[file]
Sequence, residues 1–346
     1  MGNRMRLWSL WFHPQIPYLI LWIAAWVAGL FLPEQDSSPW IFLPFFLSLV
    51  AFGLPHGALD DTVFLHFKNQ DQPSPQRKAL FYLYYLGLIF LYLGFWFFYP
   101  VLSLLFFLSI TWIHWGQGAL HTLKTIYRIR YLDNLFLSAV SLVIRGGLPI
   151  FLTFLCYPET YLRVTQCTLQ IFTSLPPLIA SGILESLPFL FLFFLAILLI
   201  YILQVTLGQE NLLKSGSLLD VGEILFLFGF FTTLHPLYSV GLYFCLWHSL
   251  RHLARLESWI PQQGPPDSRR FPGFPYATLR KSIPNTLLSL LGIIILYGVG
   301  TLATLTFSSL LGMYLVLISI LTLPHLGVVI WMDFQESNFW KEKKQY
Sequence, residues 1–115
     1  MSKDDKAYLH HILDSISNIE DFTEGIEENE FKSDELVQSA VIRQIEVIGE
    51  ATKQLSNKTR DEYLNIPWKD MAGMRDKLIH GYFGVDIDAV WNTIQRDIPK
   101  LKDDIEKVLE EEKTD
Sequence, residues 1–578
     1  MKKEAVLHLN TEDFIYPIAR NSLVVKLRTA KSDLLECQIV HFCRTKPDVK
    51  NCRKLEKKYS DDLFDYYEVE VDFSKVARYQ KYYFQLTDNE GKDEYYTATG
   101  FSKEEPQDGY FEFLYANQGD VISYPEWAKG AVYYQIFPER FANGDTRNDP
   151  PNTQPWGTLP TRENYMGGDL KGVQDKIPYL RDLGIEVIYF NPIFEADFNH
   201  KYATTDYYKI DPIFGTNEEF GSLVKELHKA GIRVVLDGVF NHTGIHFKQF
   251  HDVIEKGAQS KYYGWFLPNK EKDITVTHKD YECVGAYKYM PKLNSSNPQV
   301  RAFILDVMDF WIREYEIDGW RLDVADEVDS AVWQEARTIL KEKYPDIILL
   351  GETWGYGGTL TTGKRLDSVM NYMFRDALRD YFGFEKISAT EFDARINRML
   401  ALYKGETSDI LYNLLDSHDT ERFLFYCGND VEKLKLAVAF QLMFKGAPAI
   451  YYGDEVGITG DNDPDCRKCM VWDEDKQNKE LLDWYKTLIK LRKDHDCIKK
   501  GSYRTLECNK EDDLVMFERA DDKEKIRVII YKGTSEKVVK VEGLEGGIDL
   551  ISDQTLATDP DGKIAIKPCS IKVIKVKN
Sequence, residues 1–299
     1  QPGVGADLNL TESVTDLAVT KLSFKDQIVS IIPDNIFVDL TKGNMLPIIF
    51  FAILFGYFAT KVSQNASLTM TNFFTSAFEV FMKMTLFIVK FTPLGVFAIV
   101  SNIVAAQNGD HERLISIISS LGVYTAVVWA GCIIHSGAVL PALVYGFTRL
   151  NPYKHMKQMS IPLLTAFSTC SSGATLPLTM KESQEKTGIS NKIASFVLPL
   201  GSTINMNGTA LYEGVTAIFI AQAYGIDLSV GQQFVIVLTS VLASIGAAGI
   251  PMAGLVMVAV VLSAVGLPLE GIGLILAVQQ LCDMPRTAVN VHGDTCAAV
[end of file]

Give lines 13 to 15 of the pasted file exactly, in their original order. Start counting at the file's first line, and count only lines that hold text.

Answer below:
Sequence, residues 1–578
     1  MKKEAVLHLN TEDFIYPIAR NSLVVKLRTA KSDLLECQIV HFCRTKPDVK
    51  NCRKLEKKYS DDLFDYYEVE VDFSKVARYQ KYYFQLTDNE GKDEYYTATG